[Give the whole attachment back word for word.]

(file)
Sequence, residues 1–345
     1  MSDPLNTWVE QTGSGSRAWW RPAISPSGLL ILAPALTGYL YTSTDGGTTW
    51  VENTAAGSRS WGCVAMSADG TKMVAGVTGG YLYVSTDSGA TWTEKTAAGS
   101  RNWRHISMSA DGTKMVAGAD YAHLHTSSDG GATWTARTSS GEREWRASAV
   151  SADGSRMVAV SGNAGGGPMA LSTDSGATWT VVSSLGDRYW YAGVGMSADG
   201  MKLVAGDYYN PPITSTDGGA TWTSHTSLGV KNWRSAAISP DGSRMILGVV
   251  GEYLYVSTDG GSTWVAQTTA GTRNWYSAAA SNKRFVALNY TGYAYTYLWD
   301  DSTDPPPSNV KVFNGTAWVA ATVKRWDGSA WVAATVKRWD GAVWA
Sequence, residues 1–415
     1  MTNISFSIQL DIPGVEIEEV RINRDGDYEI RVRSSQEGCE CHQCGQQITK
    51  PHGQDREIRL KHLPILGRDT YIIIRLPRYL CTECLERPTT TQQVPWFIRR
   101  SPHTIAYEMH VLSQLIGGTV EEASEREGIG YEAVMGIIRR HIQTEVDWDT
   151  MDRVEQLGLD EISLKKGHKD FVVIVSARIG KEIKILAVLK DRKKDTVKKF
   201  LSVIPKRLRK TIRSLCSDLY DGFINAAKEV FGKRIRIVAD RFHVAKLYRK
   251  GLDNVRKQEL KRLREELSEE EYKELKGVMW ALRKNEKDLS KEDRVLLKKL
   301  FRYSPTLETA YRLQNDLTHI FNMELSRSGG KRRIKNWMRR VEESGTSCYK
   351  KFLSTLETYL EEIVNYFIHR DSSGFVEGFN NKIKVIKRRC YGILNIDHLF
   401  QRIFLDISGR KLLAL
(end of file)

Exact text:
Sequence, residues 1–345
     1  MSDPLNTWVE QTGSGSRAWW RPAISPSGLL ILAPALTGYL YTSTDGGTTW
    51  VENTAAGSRS WGCVAMSADG TKMVAGVTGG YLYVSTDSGA TWTEKTAAGS
   101  RNWRHISMSA DGTKMVAGAD YAHLHTSSDG GATWTARTSS GEREWRASAV
   151  SADGSRMVAV SGNAGGGPMA LSTDSGATWT VVSSLGDRYW YAGVGMSADG
   201  MKLVAGDYYN PPITSTDGGA TWTSHTSLGV KNWRSAAISP DGSRMILGVV
   251  GEYLYVSTDG GSTWVAQTTA GTRNWYSAAA SNKRFVALNY TGYAYTYLWD
   301  DSTDPPPSNV KVFNGTAWVA ATVKRWDGSA WVAATVKRWD GAVWA
Sequence, residues 1–415
     1  MTNISFSIQL DIPGVEIEEV RINRDGDYEI RVRSSQEGCE CHQCGQQITK
    51  PHGQDREIRL KHLPILGRDT YIIIRLPRYL CTECLERPTT TQQVPWFIRR
   101  SPHTIAYEMH VLSQLIGGTV EEASEREGIG YEAVMGIIRR HIQTEVDWDT
   151  MDRVEQLGLD EISLKKGHKD FVVIVSARIG KEIKILAVLK DRKKDTVKKF
   201  LSVIPKRLRK TIRSLCSDLY DGFINAAKEV FGKRIRIVAD RFHVAKLYRK
   251  GLDNVRKQEL KRLREELSEE EYKELKGVMW ALRKNEKDLS KEDRVLLKKL
   301  FRYSPTLETA YRLQNDLTHI FNMELSRSGG KRRIKNWMRR VEESGTSCYK
   351  KFLSTLETYL EEIVNYFIHR DSSGFVEGFN NKIKVIKRRC YGILNIDHLF
   401  QRIFLDISGR KLLAL